4.15.1 Clifford algebra::::::::::::::::::::::::::::::::::::::::::::::::::::::::::::: 41
4.15.1.1 Dirac gamma matrices::::::::::::::::::::::::::::::::::::::::::::::::: 41
4.15.1.2 A generic Clifford algebra:::::::::::::::::::::::::::::::::::::::::::::: 43
4.15.2 Color algebra::::::::::::::::::::::::::::::::::::::::::::::::::::::::::::::: 45
4.16 Hash Maps:::::::::::::::::::::::::::::::::::::::::::::::::::::::::::::::::::::: 47
5 Methods and functions : : : : : : : : : : : : : : : : : : : : : : : : : : : : : : : : : : : : : : 48
5.1 Getting information about expressions:::::::::::::::::::::::::::::::::::::::::::: 48
5.1.1 Checking expression types::::::::::::::::::::::::::::::::::::::::::::::::::: 48
5.1.2 Accessing subexpressions:::::::::::::::::::::::::::::::::::::::::::::::::::: 50
5.1.3 Comparing:::::::::::::::::::::::::::::::::::::::::::::::::::::: 51
5.1.4 Ordering expressions::::::::::::::::::::::::::::::::::::::::::::::::::::::::: 51
5.2 Numerical evaluation::::::::::::::::::::::::::::::::::::::::::::::::::::::::::::: 52
5.3 Substituting expressions:::::::::::::::::::::::::::::::::::::::::::::::::::::::::: 53
5.4 Pattern matching and advanced substitutions::::::::::::::::::::::::::::::::::::: 54
5.4.1 Matching expressions:::::::::::::::::::::::::::::::::::::::::::::::::::::::: 55
5.4.2 Matching parts of expressions:::::::::::::::::::::::::::::::::::::::::::::::: 57
5.4.3 Substituting expressions::::::::::::::::::::::::::::::::::::::::::::::::::::: 58
5.4.4 The option algebraic::::::::::::::::::::::::::::::::::::::::::::::::::::::::: 58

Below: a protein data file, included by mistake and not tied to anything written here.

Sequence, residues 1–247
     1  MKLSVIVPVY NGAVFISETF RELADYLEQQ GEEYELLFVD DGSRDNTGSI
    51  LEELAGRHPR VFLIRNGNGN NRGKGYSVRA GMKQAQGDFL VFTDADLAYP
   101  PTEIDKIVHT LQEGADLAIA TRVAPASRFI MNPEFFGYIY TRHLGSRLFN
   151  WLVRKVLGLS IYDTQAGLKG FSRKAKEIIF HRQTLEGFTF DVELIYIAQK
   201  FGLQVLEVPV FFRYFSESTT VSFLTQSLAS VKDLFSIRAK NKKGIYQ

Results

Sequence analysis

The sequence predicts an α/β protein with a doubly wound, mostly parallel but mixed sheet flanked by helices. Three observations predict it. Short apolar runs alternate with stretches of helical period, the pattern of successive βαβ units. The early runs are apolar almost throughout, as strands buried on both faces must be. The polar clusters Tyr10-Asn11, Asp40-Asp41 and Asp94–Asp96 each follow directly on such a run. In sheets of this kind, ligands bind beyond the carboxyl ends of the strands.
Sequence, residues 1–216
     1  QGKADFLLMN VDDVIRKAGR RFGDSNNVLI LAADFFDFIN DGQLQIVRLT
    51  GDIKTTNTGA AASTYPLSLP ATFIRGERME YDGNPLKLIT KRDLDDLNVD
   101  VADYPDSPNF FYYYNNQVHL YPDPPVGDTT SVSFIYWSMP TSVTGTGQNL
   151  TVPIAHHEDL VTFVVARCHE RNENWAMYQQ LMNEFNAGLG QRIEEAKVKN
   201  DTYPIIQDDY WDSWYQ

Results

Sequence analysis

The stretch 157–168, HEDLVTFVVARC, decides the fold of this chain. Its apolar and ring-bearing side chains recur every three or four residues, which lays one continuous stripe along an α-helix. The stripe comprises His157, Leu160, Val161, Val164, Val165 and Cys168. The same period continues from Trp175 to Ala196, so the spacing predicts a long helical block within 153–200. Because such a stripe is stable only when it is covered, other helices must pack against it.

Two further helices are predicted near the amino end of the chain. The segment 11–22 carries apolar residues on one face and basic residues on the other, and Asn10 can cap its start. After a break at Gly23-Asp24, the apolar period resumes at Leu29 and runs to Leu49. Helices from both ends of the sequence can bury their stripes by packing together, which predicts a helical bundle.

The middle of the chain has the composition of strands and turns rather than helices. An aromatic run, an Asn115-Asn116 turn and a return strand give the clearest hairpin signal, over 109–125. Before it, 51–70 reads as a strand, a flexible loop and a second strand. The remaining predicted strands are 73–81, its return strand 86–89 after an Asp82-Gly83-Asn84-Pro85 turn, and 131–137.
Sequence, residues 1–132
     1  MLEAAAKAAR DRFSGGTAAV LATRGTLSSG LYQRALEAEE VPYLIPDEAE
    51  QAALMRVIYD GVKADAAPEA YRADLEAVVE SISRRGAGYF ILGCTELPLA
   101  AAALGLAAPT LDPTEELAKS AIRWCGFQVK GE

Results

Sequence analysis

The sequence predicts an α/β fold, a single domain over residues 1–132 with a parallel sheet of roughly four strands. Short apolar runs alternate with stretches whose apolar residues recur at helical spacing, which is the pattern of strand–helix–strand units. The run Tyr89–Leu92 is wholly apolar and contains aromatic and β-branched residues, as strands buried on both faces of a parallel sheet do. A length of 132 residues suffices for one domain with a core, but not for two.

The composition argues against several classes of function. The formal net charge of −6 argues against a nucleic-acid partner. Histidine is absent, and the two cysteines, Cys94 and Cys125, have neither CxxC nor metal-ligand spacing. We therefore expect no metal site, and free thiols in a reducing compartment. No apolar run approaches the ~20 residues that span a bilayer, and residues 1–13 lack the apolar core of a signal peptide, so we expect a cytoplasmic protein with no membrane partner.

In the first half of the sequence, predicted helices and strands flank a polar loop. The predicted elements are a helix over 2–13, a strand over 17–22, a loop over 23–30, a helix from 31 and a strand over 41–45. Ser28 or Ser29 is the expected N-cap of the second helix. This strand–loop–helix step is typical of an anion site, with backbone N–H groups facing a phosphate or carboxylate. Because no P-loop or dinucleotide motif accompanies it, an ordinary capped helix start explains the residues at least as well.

5.5 Applying a function on subexpressions:::::::::::::::::::::::::::::::::::::::::::: 58
5.6 Visitors and tree traversal:::::::::::::::::::::::::::::::::::::::::::::::::::::::: 61
5.7 Polynomial arithmetic:::::::::::::::::::::::::::::::::::::::::::::::::::::::::::: 64
5.7.1 Testing whether an expression is a polynomial::::::::::::::::::::::::::::::: 64
5.7.2 Expanding and collecting:::::::::::::::::::::::::::::::::::::::::::::::::::: 64
5.7.3 Degree and coefficients::::::::::::::::::::::::::::::::::::::::::::::::::::::: 65
5.7.4 Polynomial division:::::::::::::::::::::::::::::::::::::::::::::::::::::::::: 66
5.7.5 Unit, content and primitive part::::::::::::::::::::::::::::::::::::::::::::: 66
5.7.6 GCD, LCM and resultant:::::::::::::::::::::::::::::::::::::::::::::::::::: 67
5.7.7 Square-free decomposition::::::::::::::::::::::::::::::::::::::::::::::::::: 67
5.7.8 Polynomial factorization::::::::::::::::::::::::::::::::::::::::::::::::::::: 68
5.8 Rational expressions:::::::::::::::::::::::::::::::::::::::::::::::::::::::::::::: 69
5.8.1 The normal method::::::::::::::::::::::::::::::::::::::::::::::::::::::::: 69
5.8.2 Numerator and denominator::::::::::::::::::::::::::::::::::::::::::::::::: 69
5.8.3 Converting to a polynomial or rational expression:::::::::::::::::::::::::::: 69
5.9 Symbolic differentiation:::::::::::::::::::::::::::::::::::::::::::::::::::::::::: 70
5.10 Series expansion::::::::::::::::::::::::::::::::::::::::::::::::::::::::::::::::: 71
5.11 Symmetrization::::::::::::::::::::::::::::::::::::::::::::::::::::::::::::::::: 72